There is no justification for 30mph as the national speed limit. 20’s Plenty for Us say far too many people are hurt on 30mph roads. 30mph is unjust and unjustified. 20mph is safer and best practice. It results in 20% fewer casualties – about 21,000 p/a.
The 30mph limit for built up areas was decided over 80 years ago in 1934. 30mph was chosen in an arbitrary way without evidence or research on survivability.
Of the 129,837 reported casualties on built up roads in 2016, 105,981 were on 30mph roads. 588 (11 a week) were killed and a further 12,849 (246 a week) were seriously injured on 30mph roads. This is unacceptable.
Some say that “it’s 30 for a reason”, but with so many casualties this is not a safe speed for our modern, congested urban roads where motor vehicles and vulnerable road users mix. In fact, the World Health Organisation (WHO) says “A safe speed on roads with possible conflicts between cars and pedestrians, cyclists or other vulnerable road users is 30 km/h (20mph)”
Neither does a 30mph limit satisfy the “sustainable system” approach that looks for a road environment where mistakes do not end in death for either those making them or their innocent victims.
When serious injuries happen at work, the Health and Safety Executive (HSE) investigates how many were predictable and preventable. A change to well enforced 20mph limits could prevent 20% of casualties - about 21,000 casualties p.a. fewer. The policy costs about £2 p/head for individual local authorities to implement and £1 p/head if implemented nationally by central government.
Depending on age, survivability at 20mph vs 30mph is about 7-10 times higher and stopping distances are halved (12m vs 23m or 3 vs 6 car lengths). We all, as drivers or pedestrians, favour near misses to being hit.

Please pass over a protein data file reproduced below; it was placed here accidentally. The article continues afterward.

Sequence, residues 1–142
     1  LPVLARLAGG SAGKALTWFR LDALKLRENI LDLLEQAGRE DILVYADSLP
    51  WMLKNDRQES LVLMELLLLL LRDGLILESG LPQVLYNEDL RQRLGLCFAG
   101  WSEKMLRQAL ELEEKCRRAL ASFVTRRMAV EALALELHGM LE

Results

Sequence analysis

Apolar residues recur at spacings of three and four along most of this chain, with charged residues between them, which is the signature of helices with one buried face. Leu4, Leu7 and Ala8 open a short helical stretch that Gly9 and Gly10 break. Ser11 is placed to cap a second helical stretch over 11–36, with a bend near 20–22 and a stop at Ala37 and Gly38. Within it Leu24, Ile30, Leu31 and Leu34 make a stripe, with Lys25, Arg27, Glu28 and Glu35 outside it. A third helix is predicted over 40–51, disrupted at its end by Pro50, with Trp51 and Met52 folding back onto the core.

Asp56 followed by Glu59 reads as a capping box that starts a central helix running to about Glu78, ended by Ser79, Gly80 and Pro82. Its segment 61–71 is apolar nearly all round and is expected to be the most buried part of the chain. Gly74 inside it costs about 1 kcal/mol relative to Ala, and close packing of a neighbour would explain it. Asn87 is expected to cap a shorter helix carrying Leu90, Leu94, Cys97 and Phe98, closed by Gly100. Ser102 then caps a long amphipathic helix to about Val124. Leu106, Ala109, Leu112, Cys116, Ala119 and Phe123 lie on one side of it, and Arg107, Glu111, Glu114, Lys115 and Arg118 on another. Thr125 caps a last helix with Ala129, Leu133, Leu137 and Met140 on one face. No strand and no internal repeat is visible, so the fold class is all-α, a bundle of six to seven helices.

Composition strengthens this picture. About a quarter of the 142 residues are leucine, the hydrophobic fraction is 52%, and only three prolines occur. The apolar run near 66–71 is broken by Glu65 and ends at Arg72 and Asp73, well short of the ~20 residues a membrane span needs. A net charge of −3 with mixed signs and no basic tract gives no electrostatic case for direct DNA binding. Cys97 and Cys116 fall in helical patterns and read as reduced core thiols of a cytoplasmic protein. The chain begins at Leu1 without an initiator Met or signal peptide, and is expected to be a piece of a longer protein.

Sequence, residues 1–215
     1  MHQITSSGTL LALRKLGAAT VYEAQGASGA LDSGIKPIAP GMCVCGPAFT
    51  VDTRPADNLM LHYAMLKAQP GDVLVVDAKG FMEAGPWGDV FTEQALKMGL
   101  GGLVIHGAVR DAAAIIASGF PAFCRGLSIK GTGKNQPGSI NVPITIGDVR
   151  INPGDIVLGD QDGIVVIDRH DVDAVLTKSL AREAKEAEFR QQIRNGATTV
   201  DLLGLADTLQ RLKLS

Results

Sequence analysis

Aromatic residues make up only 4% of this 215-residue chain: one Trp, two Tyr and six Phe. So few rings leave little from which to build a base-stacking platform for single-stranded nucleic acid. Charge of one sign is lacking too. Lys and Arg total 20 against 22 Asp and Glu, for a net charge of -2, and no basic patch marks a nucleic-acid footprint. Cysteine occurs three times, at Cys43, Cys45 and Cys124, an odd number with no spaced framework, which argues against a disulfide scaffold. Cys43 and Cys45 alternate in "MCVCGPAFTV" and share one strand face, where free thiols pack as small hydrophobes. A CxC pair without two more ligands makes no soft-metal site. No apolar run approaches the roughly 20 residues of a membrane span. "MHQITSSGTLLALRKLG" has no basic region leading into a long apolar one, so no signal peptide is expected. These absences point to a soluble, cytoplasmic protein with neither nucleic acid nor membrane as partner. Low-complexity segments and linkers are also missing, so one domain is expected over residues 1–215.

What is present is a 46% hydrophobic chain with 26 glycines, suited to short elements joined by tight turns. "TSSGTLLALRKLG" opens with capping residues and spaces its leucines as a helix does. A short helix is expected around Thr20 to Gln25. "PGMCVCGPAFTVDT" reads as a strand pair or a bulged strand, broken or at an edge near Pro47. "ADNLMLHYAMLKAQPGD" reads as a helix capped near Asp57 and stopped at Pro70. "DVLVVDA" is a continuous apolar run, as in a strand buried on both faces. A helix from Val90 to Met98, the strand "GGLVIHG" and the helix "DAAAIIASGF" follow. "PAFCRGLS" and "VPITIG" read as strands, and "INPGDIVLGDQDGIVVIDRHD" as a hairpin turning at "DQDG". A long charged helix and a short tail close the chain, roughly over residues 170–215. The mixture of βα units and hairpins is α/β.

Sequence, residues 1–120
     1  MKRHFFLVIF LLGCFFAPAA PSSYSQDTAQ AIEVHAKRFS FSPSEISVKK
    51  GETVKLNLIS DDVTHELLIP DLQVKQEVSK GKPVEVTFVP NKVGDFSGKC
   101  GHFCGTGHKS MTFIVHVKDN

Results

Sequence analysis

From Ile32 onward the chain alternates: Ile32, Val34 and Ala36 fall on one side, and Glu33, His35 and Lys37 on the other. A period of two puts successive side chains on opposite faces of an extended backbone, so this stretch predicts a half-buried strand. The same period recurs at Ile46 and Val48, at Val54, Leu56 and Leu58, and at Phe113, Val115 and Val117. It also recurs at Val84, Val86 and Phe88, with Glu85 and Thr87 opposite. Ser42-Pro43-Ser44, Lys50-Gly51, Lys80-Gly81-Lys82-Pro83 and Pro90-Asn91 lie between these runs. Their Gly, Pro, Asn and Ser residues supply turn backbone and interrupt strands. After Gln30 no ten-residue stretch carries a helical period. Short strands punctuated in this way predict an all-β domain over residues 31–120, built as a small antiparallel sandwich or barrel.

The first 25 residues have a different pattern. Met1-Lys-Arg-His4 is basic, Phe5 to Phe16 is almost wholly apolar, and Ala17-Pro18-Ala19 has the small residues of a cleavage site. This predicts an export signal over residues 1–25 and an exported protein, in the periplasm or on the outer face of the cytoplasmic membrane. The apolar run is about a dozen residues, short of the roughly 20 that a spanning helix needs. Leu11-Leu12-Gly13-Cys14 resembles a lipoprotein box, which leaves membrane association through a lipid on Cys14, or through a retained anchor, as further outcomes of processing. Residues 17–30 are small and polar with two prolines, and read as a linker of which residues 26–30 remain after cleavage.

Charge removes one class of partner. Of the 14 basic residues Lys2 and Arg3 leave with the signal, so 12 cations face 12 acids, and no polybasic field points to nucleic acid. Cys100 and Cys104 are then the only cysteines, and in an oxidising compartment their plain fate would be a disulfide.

Urban speeds above 20mph are also unjust because excessive speed is the main reason that many people fear using roads to walk or cycle. Our young, elderly and many others are losing their active mobility because 30mph vehicle speeds are currently endorsed where people live, work, shop and learn. This has huge implications for our nation’s health and the cost of obesity and cardio-vascular treatments.
Rod King MBE, Founder of 20’s Plenty for Us commented:
“Across the world 30mph (50kmh) limits are being replaced by 20mph (30kmh) as the right standard where motor vehicles mix with pedestrians and cyclists. The 30mph limit that was plucked out of the air in 1934 as being better than no limit is no longer fit for purpose. It is unjust, unjustifiable and needs to be consigned to history. A routinely enforced 20mph limit should be the new urban norm with higher speeds only allowed on those roads that protect pedestrians and cyclists with appropriate crossing and segregated facilities. It would transform our urban/village environment and be the foundation for a healthier and more productive nation.”
https://view.officeapps.live.com/op/view.aspx?src=https://www.gov.uk/government/uploads/system/uploads/attachment_data/file/647911/ras30006.ods DfT – Reported road casualties 2016,
 WHO – Managing Speed Page 8 http://apps.who.int/iris/bitstream/10665/254760/1/WHO-NMH-NVI-17.7-eng.pdf?ua=1